I thought I would sleep on the debate before commenting. I read, heard much of the pundit reaction. I've also seen this flash polls, and note the source in one case, client in the other, consider me unimpressed. The polls I find interesting, EKOS giving overnight numbers on CBC, plus this morning's Nanos offering.
It's important to remember the pre-debate context, as well as the Auditor General angle not really being incorporated. The frame was as such, Conservatives with big lead, Ignatieff needed a "knockout punch" to get back in the game. This designation had a short memory, after all the Dion Liberals moved to a statistical tie in 2008 (3% Nanos, 4% Harris Decima) after the debate, and I don't recall any knockout variety exchanges in those debates. Last election aside, the pre-debate designation this time was confronted by a maelstrom story, breaking right before the debates. EKOS' Frank Graves was on CBC just prior to the debate and noted a substantial move in overnight polling, the lead down to 5.5% nationally, 3.7% MOE, a quickly tightening race. We also had Nanos out at 4pm, showing a huge fall for Harper's leadership score, a full 7% on trust. Combined, some compelling evidence that the Auditor General G8 scandal had penetrated beyond the chattering classes. This potential reality changed the debate dynamics, if we are seeing a pre-debate tightening, then the knockout punch simply isn't required, the frame DATED.
Nanos out this morning, and while the nationals are stagnant today, we do see the Liberal now slightly ahead in Ontario and some narrowing in British Columbia, a province Graves also singled out yesterday as changing rapidly, Conservative vote falling. Nanos shows the Liberals falling in Quebec, which offsets, but tonight we have the Quebec debate. I think the most recent polls, leadership, demonstrate that the race maybe closer electorally than previous assumed. With that contention in mind, Ignatieff's performance last night needs to be viewed within a more moderate lens.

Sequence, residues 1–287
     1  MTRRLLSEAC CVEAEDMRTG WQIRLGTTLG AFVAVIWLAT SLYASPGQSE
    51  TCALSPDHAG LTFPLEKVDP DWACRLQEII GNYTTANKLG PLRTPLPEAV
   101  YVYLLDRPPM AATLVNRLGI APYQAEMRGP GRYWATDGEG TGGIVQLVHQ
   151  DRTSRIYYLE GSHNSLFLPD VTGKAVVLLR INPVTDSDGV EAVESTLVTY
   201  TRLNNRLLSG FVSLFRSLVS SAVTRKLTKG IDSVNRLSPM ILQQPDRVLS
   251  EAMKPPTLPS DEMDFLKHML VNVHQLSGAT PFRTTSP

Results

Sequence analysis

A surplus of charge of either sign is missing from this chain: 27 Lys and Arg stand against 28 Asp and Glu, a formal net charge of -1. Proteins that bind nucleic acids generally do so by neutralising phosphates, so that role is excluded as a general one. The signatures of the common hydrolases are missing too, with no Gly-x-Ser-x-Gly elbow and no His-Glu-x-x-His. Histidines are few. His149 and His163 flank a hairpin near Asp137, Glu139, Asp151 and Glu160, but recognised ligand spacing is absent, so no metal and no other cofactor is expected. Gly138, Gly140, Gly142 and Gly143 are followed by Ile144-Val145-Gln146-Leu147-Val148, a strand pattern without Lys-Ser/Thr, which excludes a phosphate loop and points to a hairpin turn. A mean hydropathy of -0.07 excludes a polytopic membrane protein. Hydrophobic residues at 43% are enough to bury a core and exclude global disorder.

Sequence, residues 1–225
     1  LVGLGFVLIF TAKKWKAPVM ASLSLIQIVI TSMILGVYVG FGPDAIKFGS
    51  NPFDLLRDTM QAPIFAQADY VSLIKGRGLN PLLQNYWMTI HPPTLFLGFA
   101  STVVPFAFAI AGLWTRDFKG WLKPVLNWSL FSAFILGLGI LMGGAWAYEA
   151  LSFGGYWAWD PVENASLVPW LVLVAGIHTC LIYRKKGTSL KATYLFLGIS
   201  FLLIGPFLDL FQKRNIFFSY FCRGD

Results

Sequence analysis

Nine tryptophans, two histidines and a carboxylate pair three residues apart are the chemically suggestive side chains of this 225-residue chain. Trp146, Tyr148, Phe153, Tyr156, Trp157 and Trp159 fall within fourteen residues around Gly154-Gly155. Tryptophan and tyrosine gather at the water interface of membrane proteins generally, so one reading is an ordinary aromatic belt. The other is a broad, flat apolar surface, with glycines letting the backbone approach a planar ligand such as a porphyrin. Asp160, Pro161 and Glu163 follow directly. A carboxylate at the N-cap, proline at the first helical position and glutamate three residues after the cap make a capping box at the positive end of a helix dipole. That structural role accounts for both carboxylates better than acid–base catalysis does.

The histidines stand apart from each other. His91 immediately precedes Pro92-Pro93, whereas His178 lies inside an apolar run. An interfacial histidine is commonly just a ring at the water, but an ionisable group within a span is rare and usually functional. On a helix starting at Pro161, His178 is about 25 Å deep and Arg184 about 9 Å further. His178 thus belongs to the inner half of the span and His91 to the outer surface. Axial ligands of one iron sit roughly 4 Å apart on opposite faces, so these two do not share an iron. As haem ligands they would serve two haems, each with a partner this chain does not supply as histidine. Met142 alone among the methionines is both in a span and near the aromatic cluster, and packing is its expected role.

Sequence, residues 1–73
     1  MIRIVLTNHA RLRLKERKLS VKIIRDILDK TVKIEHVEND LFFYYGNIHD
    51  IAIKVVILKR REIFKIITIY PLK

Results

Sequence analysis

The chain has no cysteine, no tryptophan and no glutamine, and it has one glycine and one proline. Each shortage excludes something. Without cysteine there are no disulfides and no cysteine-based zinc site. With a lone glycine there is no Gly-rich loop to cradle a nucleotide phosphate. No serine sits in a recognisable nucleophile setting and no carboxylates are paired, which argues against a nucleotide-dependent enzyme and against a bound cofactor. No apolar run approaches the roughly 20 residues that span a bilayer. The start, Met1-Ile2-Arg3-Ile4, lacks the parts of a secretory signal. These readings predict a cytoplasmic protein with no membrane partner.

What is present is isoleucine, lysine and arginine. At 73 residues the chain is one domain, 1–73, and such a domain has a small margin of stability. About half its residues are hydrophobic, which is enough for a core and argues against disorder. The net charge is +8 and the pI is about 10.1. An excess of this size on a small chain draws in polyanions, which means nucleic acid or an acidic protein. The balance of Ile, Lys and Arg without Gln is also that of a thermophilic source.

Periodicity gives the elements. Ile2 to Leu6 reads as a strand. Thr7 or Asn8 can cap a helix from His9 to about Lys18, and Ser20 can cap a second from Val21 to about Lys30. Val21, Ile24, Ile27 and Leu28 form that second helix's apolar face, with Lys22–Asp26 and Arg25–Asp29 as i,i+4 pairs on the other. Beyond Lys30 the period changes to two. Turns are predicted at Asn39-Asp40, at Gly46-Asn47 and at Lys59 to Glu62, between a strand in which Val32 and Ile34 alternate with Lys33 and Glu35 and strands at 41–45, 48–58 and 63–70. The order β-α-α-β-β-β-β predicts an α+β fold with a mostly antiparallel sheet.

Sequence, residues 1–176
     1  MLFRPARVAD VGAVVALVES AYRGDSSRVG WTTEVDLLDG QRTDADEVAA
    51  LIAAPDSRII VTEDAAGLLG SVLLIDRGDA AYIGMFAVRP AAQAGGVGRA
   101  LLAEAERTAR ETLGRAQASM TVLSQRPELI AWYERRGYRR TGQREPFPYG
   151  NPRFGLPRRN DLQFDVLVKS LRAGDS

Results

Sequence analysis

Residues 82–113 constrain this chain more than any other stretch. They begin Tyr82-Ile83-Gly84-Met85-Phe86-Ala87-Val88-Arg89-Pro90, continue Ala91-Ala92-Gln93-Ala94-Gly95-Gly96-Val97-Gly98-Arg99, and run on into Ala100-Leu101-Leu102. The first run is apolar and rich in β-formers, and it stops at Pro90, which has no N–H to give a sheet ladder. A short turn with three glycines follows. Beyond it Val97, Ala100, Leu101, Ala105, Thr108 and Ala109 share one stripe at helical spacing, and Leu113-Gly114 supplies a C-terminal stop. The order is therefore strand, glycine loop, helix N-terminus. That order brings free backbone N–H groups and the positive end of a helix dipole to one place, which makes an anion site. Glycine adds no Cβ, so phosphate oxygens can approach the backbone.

The one glaring omission in the analysis I've read, hardly anyone plugged in the abysmal pre-debate Ignatieff impressions. A superficial negative impression, Anderson from Harris Decima added people really didn't know Ignatieff. Everyone knows Harper, Layton and Duceppe. While I think they all did well last night, Layton with the best "zingers", Harper's remained calm, Duceppe his usual self, I didn't see much where voters learned anything. As for Ignatieff, I thought he did fine, some very strong moments, a couple small stumbles, but overall he did well. If one was waiting for that nauseating knockout blow, then clearly disappointed, Harper wins by not losing. However, I don't think we needed that blow, and I don't think low expectations of Ignatieff properly plugged into the logic.
I think Ignatieff exceeded Canadians low impression of him, as Allan Gregg pointed out, simply not drooling and cobbling together a sentence, probably raised the bar. Ignatieff presented himself as an alternative to Harper, we saw clear policy direction distinctions. Ignatieff was a DRAG on Liberal numbers, his low standing capping our growth ability. I would argue less apprehension now than prior, and while not a big voter mover today, at least more openness to reconsider. It may well take a few days for the impact to shakeout, factor in the immediate French debate, within a scandal breaking in the midst, I'm not sure normal "reads" are worth much at this point. This isn't to say Harper didn't do well in the debate, only we are in a uniquely fluid situation at the moment, so assumptions need to incorporate this fast debate turnover, emerging issues that are indicating real resonance. Time will tell...